Can travel ever be fully sustainable? Our expert on family travel shares top tips for World Environment day that will help minimise your impact as a traveller
Zero waste/low waste travel
Can travel ever be fully sustainable? Most trips will create carbon emissions, especially overseas or long-distance travel. There are ways to minimise your emissions, including travelling overland where possible, using public transportation like buses and trains, travelling more slowly and offsetting what you do create from long-haul flights.
My family does all of those things, and yet I feel they are not enough to counter the environmental impact of our wanderings. I think that another important way to minimise the impact of your travel is to create less waste.
Travel can be full of single-use plastic so easily, with airline food, hotel toiletries, bottled water, plastic bags and packaged snacks often accepted as just part of a holiday experience. But with a bit of planning and a different mindset, it doesn’t have to be that way. Following are all of the ways we avoid waste as much as we can while travelling.
BYO water bottle
It’s an absolute must: you’re going to need water every day, and it’s either your own or a bought one. There are many ways to be responsible for your own water rather than buying it. We travelled overseas with an insulated, leak-proof water bottle for each person in our family, plus one large filter bottle that cleaned the water as it passed through the valve. We would fill that bottle with tap water and then filter it into our insulated bottles so it would last us all day.
The filter bottles themselves are a great option if you just want one item to carry, or you can get a Lifestraw and use it to drink within a glass or bottle. The old hiking favourite, water purification tablets are also still around, and you can get very small hand pumps which extract and filter water as you go, too.
In many cities in the world, quality water refills are very accessible now. We took a more expensive filter to Cambodia with us, but we didn’t need to use it once! They have an excellent program called Refill Not Landfill, which was easy to access in Siem Reap, Battambang and Phnom Penh. Most businesses provide it for free as well, or may charge a minimal cost to refill your water bottles.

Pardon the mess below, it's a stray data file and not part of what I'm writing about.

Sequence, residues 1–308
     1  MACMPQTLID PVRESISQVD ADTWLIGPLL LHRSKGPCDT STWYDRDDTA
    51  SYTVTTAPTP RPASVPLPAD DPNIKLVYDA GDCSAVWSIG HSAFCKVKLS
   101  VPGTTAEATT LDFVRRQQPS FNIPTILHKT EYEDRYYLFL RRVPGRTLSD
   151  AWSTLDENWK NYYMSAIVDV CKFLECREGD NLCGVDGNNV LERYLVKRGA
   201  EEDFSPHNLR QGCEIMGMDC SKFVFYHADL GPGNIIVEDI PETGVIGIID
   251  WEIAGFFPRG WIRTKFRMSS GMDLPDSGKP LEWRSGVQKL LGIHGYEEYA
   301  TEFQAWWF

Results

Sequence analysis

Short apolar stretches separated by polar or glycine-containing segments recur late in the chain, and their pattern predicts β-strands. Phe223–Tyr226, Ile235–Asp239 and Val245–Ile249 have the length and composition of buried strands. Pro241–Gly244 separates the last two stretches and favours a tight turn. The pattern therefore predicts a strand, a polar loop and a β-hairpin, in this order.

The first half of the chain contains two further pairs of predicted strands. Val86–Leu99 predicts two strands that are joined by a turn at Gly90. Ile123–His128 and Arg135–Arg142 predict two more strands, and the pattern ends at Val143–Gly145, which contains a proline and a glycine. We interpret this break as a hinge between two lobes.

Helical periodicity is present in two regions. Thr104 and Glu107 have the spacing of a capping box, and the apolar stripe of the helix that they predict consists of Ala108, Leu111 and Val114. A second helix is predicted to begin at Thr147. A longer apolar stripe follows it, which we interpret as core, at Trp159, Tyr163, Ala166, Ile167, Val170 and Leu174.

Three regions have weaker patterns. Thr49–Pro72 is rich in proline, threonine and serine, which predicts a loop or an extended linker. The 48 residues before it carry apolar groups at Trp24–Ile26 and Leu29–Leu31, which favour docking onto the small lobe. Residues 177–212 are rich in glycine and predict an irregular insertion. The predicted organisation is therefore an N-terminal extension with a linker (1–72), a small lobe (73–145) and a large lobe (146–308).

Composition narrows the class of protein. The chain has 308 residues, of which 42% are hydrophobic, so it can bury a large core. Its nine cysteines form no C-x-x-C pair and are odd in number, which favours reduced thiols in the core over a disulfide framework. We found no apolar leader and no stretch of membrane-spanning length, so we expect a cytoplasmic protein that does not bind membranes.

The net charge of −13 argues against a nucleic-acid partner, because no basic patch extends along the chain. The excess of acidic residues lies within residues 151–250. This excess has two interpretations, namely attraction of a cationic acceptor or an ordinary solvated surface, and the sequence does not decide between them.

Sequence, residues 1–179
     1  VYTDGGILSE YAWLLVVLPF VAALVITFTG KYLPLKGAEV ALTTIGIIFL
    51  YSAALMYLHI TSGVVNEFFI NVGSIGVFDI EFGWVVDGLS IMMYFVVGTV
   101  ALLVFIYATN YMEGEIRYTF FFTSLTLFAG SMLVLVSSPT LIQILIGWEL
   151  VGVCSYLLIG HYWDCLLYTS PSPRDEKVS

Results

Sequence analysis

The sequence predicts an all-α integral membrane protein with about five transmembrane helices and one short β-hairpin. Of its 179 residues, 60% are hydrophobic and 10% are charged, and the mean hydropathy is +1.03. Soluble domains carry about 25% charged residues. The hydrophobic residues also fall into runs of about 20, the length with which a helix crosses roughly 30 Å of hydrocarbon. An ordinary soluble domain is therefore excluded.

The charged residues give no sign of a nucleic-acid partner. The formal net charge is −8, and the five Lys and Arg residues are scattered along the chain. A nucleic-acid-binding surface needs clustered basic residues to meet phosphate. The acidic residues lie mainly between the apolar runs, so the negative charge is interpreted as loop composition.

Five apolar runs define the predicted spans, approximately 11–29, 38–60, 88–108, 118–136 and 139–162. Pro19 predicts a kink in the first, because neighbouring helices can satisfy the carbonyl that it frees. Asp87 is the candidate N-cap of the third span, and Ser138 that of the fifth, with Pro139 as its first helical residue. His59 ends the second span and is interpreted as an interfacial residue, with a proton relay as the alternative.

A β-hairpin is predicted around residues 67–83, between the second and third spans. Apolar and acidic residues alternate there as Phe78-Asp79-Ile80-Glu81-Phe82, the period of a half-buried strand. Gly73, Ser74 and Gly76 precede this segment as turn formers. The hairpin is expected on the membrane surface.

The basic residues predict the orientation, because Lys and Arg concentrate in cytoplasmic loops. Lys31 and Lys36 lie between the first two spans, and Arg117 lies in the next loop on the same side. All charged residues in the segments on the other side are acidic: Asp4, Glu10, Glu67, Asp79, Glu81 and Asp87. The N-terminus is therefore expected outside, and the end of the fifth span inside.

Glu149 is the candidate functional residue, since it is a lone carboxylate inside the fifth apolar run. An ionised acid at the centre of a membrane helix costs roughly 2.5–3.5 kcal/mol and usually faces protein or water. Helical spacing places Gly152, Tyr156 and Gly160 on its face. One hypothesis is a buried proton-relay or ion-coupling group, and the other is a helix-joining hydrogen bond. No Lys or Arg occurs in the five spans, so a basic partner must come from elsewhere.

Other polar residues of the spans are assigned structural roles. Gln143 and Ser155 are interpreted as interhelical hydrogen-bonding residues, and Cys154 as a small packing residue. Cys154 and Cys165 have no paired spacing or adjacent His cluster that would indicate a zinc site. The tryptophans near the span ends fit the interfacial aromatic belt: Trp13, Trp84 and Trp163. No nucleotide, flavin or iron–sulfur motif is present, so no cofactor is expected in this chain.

But even if those options are not available, you can still minimise your plastic waste with purchased water. Buying a large cask or the biggest bottle you can find and using it to refill your own water bottles creates less rubbish than buying water in individual bottles. And you can say ‘no’ to free water bottles that are included on your tour if you already have your own.
When we travelled in a van within our home country Australia, we took along a large portable water filter which could be filled with tap water wherever we stopped. But when it suddenly got too clogged up to work properly, we had to buy some water while waiting for our replacement filter cartridges. So we bought ten litre casks of water and refilled our bottles each day, which was the best we could do to minimise our rubbish at that point.
BYO foldable shopping bags and produce bags
This is such an easy thing to do, which avoids the need for plastic bags and is very handy too! Always pack some lightweight but strong foldable shopping bags in your daypack or handbag. I constantly have ours with me whether at home or while travelling, and I am very used to saying ‘I have my own bags’ wherever I am.
Our bags also came in handy to do laundry in South East Asia. We could load them up with our washing to take to the laundromat, and when we used local vendors instead, we requested that our clothing be returned to us packed back into our bags rather than wrapped in plastic. It was an easy thing to ask for, but was obviously not a common request for the couple of vendors we used.
And another use we got from my shopping bags was as an occasional seat covering. Sometimes when our kids just had to sit down but there was nowhere except the gutter or a filthy chair, we could cover it with an empty shopping bag for them. We are actually not germophobes though! That only happened twice in all of our travels, and it was a good option to fall back on at those times.
Many hotels are going greener now and offer liquid soap and hair products in refillable containers to guests. But still most will have plastic-wrapped toothbrushes, tiny toothpastes, individually-wrapped sanitary items and plastic bags to put them in.